So, at Climate Cabinet, we’re really worried about how these types of coordinated legislative efforts at the state level can spread quickly across states, even without federal action — which is what we saw here severely threatening our democracy and our ability to act on climate change.
SCOTT HARRIS: Go into some detail, if you would, about the various harsh penalties that are invoked here in these new state laws. It’s quite alarming when you read the summary of your report, which talks about up to 10 years in prison or $1,000,000 fine. What’s the range of penalties here and what are the crimes that are being cited specifically that people have had to commit to be sentenced to these harsh penalties?
EMMA FISHER: Right. It is extremely concerning, especially because it’s important to note that, of course, trespassing and vandalizing any sort of property is already illegal, usually as a misdemeanor. And protesters and activists know that. But these bills really heighten those penalties and make it extremely dangerous and potentially life-altering to take part in one of these protests expressing free speech and the right to assemble.
So these bills heighten penalties for trespassing and for vandalism on critical infrastructure, which includes things like pipelines. The penalties can range from up to fines $10-$100,000 for trespassing or vandalism, depending on the state and range between six months to up to ten years in prison. It also includes really scary penalties for organizations which could be on the hook for supporting protesters or even communicating with protesters.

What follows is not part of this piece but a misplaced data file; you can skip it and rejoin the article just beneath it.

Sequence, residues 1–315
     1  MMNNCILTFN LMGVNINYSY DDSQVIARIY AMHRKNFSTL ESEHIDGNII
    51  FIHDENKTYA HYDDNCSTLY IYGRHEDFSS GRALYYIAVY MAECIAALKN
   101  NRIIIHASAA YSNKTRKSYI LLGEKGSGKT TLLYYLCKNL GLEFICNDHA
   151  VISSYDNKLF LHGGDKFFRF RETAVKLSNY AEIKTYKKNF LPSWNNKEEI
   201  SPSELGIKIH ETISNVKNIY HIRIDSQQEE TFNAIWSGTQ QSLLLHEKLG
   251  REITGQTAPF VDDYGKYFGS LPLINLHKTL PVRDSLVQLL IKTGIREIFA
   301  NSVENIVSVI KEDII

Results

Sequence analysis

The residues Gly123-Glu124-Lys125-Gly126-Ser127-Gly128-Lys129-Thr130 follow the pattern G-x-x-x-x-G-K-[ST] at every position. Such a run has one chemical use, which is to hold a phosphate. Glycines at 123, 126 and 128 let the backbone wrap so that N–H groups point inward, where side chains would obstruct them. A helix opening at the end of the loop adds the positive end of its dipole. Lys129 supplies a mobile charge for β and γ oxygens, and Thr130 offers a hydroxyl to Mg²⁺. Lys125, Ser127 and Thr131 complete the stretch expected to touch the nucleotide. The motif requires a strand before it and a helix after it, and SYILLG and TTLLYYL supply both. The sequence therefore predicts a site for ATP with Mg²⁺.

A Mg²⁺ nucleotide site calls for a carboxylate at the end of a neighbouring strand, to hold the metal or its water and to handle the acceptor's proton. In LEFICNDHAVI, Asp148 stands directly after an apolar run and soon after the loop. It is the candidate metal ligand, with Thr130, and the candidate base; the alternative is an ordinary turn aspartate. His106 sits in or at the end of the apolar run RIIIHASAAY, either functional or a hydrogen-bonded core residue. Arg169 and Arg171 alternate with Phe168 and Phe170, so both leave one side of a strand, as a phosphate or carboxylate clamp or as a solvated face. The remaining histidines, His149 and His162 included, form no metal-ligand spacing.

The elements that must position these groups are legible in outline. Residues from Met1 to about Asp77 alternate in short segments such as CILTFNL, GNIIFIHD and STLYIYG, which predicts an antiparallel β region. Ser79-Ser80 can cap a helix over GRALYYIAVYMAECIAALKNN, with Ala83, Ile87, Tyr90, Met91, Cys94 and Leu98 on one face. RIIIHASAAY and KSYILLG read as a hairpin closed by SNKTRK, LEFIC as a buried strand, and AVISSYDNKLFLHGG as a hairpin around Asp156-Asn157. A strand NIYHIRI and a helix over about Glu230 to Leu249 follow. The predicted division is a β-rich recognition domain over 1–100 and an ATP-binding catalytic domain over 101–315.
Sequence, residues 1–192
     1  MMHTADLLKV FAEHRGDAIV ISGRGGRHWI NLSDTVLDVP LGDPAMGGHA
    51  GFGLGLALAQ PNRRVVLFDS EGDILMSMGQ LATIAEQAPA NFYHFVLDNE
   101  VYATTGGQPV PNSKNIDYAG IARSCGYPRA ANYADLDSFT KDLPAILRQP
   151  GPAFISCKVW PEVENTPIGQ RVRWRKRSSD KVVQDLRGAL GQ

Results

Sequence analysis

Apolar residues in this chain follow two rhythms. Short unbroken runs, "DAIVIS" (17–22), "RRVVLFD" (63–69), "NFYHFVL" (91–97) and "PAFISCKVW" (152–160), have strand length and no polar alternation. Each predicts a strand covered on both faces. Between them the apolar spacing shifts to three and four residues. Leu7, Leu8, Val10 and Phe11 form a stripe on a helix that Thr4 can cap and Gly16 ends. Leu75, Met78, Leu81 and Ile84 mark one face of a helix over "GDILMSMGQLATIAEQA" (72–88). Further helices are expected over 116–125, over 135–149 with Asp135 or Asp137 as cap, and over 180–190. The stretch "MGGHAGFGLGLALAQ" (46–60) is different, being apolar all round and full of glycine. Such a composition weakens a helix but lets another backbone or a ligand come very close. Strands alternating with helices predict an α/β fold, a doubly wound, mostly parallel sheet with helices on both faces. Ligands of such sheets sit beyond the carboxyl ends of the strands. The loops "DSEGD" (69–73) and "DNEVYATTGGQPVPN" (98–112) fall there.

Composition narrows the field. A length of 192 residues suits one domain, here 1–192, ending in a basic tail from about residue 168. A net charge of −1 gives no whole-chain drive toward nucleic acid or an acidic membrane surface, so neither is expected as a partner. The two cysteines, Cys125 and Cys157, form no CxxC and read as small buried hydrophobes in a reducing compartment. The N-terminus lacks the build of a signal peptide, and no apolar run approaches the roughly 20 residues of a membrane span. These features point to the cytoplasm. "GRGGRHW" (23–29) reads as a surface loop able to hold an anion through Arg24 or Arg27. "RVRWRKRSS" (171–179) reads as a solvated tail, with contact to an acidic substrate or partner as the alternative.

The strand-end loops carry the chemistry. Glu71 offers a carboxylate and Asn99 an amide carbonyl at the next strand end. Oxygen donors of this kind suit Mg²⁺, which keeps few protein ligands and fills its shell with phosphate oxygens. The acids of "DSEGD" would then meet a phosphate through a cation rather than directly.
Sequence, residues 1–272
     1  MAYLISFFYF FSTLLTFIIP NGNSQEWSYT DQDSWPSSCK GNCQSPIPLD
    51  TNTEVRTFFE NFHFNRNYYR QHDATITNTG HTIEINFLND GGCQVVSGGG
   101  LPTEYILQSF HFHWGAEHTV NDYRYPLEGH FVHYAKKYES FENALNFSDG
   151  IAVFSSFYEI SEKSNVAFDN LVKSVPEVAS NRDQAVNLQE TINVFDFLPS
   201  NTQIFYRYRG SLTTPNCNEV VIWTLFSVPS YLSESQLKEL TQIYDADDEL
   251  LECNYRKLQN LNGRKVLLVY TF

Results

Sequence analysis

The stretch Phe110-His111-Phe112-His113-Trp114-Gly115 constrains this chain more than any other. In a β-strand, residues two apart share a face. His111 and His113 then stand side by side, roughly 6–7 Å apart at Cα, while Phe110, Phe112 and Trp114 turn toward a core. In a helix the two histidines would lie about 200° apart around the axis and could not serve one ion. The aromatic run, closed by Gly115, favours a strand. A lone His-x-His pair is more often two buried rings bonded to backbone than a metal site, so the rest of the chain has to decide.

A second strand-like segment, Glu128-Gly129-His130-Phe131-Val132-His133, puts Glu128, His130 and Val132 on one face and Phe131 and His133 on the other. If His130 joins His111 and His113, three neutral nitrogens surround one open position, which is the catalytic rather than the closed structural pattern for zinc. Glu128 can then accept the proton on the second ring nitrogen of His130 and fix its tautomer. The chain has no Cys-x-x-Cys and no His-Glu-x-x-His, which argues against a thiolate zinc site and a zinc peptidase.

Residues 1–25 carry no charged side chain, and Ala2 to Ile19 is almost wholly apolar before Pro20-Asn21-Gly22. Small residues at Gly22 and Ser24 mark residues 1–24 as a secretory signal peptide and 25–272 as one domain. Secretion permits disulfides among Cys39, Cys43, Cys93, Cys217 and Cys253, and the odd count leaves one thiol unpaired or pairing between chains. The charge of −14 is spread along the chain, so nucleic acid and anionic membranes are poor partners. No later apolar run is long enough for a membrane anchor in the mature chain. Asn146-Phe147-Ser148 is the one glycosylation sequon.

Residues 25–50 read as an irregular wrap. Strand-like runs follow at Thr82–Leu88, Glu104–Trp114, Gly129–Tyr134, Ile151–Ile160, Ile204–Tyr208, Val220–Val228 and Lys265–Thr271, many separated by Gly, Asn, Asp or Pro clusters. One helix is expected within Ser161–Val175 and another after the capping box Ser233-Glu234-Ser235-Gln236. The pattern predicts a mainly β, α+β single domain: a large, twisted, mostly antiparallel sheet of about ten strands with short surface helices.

This is called vicarious liability and basically it could make it risky for environmental organizations to even communicate or try to help out activists that are taking part in these protests, which are known to slow the expansion of fossil fuels. And those fines can be up to $1,000,000 for those organizations aiding protesters.
SCOTT HARRIS: So, you know, in that case, you would have an organization be fearful they could be bankrupted by such a law if they lent any support or, as you said, communicated with people engaged in nonviolent civil disobedience. This country and the world, as a matter of fact, has a long history of social justice, protests and movements engaging in nonviolent civil disobedience to move society forward in a progressive direction.